How Did Covid Change Your Propensity to Buy Things Online?

There are some things you don’t do online such as buy gasoline or eat out at restaurants. What about the rest?Advance retail sales from commerce department, calculation and chart by Mish

I created the chart by taking total sales and subtracting things one does not normally buy online.

Gasoline is obvious, so is eating out at restaurants.

Although one can buy groceries online and have them delivered, most do not order much food online. Omaha steaks and Christmas cheese packages don’t add up to much. I subtract groceries from the total.

The same applies to cars. Most do not buy cars online. But I am sure this will change eventually.

Nonstore Retail Sales as Percent of Advance Retail Sales Detail


In 1992, about 9 percent of sales were online

In the next eight years online sales rose to about 12 percent.

In another eight years ending to the start of the covid recession, online sales were at 15 percent then dipped in the recession.

In the 10 years starting from 2010 to 2020 online sales zoomed from 15 percent to 26 percent.

In the last four years online sales jumped over eight percentage points from about 26 percent over 34 percent, ignoring the initial covid spike.

Covid did not change the trend towards online shopping but it certainly accelerated the trend.

Retail Sales Surge 0.6 Percent, Beating Economist’s Expectations

Economists expected a December rise in retail sales of 0.4 percent. Instead, consumers went on a spending spree. But two-thirds of that was due to inflation. Real (inflation-adjusted) sales rose 0.2 percent.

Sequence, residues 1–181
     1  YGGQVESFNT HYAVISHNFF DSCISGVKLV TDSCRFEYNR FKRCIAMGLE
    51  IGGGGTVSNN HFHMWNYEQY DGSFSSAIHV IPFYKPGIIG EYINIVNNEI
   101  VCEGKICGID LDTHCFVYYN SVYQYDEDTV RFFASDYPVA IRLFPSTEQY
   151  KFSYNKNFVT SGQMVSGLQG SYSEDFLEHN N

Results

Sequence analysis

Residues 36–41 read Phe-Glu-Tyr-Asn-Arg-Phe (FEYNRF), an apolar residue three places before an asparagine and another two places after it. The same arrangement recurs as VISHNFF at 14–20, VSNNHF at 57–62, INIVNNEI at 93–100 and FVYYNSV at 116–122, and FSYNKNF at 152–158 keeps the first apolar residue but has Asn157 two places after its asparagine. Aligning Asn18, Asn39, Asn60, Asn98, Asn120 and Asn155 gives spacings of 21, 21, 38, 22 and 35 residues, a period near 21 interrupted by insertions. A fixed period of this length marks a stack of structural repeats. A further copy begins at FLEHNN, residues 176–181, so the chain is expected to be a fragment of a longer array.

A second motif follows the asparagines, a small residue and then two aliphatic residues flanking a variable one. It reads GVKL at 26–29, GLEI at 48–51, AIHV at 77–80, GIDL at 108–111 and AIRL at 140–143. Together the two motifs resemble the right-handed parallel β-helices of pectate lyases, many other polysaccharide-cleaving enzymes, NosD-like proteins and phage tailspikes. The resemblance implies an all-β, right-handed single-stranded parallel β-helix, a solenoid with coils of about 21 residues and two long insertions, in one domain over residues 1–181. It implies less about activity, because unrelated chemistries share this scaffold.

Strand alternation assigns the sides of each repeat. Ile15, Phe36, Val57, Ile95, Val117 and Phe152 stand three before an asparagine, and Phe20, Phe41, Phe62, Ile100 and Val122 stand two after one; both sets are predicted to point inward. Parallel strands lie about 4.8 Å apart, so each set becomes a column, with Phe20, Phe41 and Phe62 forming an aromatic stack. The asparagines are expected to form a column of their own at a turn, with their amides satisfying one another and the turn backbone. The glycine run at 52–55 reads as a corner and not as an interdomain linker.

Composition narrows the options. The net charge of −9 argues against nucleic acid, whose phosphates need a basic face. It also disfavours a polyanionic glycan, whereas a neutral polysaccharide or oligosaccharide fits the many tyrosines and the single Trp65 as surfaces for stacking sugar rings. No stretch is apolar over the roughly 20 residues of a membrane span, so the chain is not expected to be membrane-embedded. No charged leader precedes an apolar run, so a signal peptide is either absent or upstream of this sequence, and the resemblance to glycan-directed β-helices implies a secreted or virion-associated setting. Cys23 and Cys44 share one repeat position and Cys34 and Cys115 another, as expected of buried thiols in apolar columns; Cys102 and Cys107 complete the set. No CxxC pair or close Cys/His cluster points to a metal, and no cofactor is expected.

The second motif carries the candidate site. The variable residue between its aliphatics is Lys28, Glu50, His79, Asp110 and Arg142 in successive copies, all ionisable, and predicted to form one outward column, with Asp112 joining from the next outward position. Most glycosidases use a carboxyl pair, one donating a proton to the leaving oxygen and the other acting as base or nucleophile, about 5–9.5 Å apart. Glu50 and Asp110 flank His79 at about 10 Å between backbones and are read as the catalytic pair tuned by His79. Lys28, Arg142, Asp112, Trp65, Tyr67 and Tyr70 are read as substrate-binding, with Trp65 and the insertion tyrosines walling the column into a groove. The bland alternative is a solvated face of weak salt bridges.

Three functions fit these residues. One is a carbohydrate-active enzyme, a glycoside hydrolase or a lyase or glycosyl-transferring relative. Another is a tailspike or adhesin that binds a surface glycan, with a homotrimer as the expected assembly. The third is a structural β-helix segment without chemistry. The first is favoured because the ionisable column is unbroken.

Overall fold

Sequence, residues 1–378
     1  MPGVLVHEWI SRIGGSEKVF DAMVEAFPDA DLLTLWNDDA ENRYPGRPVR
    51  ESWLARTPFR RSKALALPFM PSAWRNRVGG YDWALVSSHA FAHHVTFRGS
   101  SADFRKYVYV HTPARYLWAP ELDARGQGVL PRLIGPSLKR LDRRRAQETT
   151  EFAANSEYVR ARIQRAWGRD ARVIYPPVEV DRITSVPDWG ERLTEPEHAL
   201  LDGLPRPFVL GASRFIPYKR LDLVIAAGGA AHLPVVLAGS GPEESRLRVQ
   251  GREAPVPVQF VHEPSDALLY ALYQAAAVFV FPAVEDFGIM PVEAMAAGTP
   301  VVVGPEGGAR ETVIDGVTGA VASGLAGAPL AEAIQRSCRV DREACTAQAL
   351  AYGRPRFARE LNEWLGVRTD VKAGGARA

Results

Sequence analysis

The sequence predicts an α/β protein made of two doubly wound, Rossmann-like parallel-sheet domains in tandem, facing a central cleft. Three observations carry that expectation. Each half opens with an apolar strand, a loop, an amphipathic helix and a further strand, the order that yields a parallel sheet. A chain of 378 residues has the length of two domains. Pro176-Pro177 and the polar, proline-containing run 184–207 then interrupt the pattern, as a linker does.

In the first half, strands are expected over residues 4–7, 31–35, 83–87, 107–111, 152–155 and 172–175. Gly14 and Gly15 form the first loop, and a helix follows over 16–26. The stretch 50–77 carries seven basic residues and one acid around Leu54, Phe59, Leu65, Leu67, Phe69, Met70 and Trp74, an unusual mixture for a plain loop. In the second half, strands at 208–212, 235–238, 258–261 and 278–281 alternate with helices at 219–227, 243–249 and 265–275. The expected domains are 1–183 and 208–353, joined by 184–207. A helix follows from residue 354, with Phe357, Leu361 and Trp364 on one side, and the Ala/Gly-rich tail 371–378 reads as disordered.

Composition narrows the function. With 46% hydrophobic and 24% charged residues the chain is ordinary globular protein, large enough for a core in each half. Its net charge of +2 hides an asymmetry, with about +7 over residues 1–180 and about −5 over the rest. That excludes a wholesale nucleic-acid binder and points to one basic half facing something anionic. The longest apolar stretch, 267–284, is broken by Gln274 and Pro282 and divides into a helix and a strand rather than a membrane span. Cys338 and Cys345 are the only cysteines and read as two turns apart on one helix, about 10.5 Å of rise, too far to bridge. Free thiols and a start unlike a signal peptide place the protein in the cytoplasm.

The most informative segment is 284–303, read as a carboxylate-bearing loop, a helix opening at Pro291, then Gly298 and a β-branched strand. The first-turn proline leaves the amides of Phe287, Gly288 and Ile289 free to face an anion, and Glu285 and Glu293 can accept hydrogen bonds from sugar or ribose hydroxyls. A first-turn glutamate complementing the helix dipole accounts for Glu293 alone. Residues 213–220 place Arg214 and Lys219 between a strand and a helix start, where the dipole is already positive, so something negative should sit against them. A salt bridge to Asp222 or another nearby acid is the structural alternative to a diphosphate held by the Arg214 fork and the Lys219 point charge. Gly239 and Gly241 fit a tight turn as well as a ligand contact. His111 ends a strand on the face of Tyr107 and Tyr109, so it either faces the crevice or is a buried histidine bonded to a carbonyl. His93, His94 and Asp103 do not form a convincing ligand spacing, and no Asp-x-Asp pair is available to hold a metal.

Retail sales numbers from the commerce department. Real sales adjusted for inflation by the CPI is a Mish calculation.

Real retail sales peaked in April of 2022 (yellow highlight).

For more discussion and more charts please see Retail Sales Surge 0.6 Percent, Beating Economist’s Expectations

And how are consumers paying for this? I think you know the answer.

Fueled by Debt

Total consumer credit, revolving credit, and credit card interest rates all hit new record highs in November.

Consumer credit data from the Fed, chart by Mish

Consumer Credit Hits Record $5 Trillion

To explain the apparent strength in retail sales, please note Consumer Credit Hits Record $5 Trillion, Credit Card Rates Also Record High

Revolving (mostly credit card debt) is at a record high. For discussion, including a calculation of real, inflation-adjusted debt, please click on the above link.

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